The Lowdown on Bricks at America's Most Popular Track
More than a century ago an oval racetrack was built in rural Indianapolis that’s become as important to fans of auto racing as Graceland is to Elvis enthusiasts.
The iconic Indy 500 and NASCAR’s Brickyard 400 are among the annual events held at the Indianapolis Motor Speedway. More than 400,000 people can attend festivities there, making Indianapolis Motor Speedway the highest-capacity venue in the world.
Race promoter Carl Fisher and three investors built the track on 320 acres of farmland on in 1908. Fisher, the owner of Pres-O-Light headlights, sited the track across the street from his factory in outskirts of Indianapolis in a suburb now known as Speedway.
Fisher originally planned on a 3-mile “outer” track that would wrap around a 2-mile oval in the infield. Those plans were scrapped, however, when Fisher and others realized grandstands along the straightaways wouldn’t fit in the allotted space.
The final design centers around a 2.5-mile nearly rectangular oval track with four quarter-mile turns and a total of four straightways.
Ten-pound bricks victorious racers traditionally kiss weren’t there when the track opened in 1909. Five-hundred workers initially spent months laying a mixture of limestone, tar, gravel and more than 200,000 gallons of asphaltum oil before smoothing with steamrollers.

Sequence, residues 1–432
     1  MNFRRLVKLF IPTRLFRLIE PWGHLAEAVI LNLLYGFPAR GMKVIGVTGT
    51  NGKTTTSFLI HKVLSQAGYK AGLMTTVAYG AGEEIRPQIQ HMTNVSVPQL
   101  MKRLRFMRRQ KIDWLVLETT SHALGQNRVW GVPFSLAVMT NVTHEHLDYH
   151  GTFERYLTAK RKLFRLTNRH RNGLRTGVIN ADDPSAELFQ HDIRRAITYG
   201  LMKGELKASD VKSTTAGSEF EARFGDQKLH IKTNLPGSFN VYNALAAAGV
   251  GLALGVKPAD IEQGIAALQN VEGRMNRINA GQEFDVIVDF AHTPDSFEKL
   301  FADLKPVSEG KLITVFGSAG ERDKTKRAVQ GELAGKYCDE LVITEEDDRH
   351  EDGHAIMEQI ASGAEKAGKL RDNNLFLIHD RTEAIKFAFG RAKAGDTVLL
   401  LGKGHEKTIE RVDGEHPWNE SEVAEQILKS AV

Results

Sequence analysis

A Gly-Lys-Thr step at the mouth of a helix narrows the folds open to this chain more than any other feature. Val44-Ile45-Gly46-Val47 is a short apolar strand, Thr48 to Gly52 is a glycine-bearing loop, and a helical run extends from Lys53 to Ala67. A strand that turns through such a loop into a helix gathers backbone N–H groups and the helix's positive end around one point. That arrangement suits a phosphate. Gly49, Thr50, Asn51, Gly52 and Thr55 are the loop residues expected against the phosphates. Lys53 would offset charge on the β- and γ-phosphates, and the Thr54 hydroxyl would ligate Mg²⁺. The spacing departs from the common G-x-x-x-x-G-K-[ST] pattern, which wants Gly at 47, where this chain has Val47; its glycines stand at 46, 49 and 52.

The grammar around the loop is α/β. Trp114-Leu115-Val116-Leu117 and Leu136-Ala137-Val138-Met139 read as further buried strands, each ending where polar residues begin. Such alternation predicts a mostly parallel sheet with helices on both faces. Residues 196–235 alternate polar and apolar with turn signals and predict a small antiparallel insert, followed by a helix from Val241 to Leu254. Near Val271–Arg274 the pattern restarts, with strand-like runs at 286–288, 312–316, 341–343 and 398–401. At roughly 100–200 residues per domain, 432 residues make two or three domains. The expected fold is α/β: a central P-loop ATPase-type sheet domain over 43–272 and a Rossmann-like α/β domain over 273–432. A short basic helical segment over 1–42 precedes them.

The intention was to create a surface tires could easily grip. Instead, the track’s first vehicle race was a disaster. Five people died in two separate crashes and the vehicles kicked up so much debris from the abrasive track drivers compared it to driving through a meteor shower.
AAA threatened a boycott of the track immediately after and Fisher closed the venue until a safer surface was installed. The bricks that give the speedway its nickname were installed and served as the track for more than five decades.
Asphalt now covers the majority of the track, though a strip of the bricks remains uncovered to this day. The tradition of kissing the bricks began in 1996 when Dale Jarrett won the Brickyard 400. Jarrett’s crew chief, Todd Parrott, got the entire pit crew and Jarrett together kneel down and kiss the track.
Every winning team has continued the legacy since.